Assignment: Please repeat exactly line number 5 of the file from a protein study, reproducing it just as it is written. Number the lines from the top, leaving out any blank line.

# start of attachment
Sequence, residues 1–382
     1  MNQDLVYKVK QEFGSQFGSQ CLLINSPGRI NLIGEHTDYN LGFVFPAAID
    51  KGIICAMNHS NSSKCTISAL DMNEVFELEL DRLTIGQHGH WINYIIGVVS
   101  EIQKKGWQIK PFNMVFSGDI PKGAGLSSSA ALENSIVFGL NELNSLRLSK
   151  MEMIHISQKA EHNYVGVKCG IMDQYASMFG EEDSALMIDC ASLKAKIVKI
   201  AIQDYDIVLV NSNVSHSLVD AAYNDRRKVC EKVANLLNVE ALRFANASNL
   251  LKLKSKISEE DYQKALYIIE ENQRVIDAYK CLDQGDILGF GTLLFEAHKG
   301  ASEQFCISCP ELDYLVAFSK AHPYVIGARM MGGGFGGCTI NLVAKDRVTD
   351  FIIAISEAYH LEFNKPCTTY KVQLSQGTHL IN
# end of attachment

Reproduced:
   151  MEMIHISQKA EHNYVGVKCG IMDQYASMFG EEDSALMIDC ASLKAKIVKI